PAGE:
Liverpool City Council and the George Harrison Estate have announced plans to erect a memorial woodland in Liverpool to honor the late Beatle. The news comes on what would have been Harrison's 77th birthday today.

According to Culture Liverpool, the 12-acre Greenland site, located in the south of Liverpool near where Harrison was born and raised, is a mature woodland across from Allerton Towers. The organizers are now in the process of commissioning "a number of pieces initially with a view to adding more works in the coming years."

The site is scheduled to open in March or April 2021, after an eight-month period of creation and installation. Up to 10 artists will be hired to develop ideas for the memorial. Organizers are now accepting proposals from the public.

"The city council and the Harrison family want to encourage artists to design new artworks which will take pride of place in the garden," they said. "As such, we are currently looking for expressions of interest from artists, musicians, collectives, technologists and groups interested in creating a sculpture or installation as part of a new woodland celebrating the life of George Harrison."

The woodland area will include installations inspired by Harrison's life and music. Organizers said they're open to any sort of artwork, as long as it "is inspired by the work or life of George Harrison; is suitable to be installed outdoor, within a woodland environment; has minimal maintenance costs or requirements; and works alongside and supports the natural environment it will be positioned within, some areas of which are an official nature reserve."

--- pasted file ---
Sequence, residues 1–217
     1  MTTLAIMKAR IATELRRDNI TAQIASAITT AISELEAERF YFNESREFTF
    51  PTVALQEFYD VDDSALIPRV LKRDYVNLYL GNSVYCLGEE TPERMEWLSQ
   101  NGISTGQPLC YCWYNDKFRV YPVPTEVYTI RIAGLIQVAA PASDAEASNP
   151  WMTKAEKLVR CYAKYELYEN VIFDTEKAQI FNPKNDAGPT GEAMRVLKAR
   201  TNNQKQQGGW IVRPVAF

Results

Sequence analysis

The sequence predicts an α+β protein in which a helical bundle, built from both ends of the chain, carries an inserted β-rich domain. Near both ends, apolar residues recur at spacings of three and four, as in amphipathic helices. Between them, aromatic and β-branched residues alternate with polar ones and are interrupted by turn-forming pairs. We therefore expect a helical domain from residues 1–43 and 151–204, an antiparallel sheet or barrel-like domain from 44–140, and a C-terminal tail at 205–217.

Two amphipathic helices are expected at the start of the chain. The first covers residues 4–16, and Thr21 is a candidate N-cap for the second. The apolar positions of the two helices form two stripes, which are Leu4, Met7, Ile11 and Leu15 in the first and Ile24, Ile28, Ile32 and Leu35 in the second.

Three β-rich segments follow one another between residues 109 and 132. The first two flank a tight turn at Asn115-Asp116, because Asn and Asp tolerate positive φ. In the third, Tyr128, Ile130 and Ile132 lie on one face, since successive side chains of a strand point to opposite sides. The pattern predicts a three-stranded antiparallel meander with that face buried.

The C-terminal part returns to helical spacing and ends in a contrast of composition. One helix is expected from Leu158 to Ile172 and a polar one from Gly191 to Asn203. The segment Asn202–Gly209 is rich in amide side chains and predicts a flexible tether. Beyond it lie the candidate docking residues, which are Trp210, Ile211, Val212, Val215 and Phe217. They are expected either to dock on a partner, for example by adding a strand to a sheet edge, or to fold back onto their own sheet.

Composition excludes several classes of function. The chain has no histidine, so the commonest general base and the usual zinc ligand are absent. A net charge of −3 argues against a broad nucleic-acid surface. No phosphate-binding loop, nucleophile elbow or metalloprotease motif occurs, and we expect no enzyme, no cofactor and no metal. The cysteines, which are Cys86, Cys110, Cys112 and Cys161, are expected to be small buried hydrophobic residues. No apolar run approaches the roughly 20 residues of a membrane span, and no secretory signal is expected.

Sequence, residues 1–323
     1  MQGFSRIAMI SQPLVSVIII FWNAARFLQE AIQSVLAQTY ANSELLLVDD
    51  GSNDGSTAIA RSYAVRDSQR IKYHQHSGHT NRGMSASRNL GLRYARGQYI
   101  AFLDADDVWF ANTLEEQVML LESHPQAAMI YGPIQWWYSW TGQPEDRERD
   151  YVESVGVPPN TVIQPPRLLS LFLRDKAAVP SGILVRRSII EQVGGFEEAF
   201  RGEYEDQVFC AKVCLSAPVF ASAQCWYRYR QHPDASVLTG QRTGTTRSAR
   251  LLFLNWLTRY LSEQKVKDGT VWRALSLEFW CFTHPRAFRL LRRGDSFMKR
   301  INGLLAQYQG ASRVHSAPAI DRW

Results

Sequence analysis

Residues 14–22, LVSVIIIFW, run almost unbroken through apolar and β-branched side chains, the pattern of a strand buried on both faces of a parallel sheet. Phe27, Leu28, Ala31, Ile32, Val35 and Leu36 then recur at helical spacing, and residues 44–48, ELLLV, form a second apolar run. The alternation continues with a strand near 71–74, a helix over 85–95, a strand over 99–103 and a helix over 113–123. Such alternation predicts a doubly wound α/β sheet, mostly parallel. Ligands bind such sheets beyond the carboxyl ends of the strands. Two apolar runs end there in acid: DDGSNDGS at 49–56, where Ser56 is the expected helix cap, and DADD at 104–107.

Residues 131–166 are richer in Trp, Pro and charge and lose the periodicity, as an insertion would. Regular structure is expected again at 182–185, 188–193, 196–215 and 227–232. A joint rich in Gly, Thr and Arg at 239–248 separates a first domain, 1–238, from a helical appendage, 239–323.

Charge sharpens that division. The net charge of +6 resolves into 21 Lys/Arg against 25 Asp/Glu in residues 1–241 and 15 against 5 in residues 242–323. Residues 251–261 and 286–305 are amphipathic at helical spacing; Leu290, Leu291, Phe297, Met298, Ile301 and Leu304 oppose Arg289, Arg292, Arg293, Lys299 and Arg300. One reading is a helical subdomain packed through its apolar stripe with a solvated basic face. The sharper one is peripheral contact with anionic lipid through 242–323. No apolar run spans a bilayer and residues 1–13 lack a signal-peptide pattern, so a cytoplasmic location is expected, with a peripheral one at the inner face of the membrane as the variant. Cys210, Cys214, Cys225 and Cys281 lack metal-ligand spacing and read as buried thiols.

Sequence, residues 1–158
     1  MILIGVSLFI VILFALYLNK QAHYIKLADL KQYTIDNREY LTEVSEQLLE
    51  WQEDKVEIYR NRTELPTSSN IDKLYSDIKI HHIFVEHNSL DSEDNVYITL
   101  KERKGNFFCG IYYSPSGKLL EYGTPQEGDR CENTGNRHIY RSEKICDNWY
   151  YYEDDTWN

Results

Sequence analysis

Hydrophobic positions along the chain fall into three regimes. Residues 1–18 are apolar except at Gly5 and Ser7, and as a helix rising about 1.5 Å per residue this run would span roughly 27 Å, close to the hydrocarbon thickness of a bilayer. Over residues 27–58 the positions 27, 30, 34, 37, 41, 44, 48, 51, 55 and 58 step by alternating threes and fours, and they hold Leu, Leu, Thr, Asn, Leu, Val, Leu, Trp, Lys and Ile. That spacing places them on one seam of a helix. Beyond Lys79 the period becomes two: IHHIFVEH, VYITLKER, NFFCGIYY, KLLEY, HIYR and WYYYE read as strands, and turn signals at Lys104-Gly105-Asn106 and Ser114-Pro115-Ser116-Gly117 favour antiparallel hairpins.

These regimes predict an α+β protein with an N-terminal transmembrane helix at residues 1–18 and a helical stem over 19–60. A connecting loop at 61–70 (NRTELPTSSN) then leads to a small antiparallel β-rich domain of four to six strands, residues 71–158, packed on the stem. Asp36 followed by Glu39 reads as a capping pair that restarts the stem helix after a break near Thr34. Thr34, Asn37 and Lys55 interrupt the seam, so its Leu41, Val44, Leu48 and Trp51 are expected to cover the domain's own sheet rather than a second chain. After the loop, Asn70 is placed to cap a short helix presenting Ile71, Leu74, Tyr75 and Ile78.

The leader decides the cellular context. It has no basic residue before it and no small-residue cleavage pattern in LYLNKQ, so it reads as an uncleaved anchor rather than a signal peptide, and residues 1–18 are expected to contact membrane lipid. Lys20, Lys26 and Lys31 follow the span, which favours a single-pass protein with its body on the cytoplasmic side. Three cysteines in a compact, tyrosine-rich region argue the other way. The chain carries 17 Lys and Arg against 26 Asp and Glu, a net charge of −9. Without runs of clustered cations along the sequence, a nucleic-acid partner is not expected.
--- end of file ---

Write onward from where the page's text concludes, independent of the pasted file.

More information on submitting works can be found on the Culture Liverpool site.

Harrison died on Nov. 29, 2001, at the age of 58 from lung cancer. Following the breakup of the Beatles in 1970, he spent much time in the 36-acre garden of his English manor in Henley-on-Thames. He even dedicated his 1980 memoir, I, Me, Mine, "to gardeners everywhere."

“George was an avid gardener who found solace and joy in being in the outdoors," his widow Olivia noted (via NME). "I don’t think there is any better way to commemorate him in Liverpool than with a garden which can become a place of tranquility and reflection for everyone. ... I am really looking forward to watching it change and grow over the coming years.”

 

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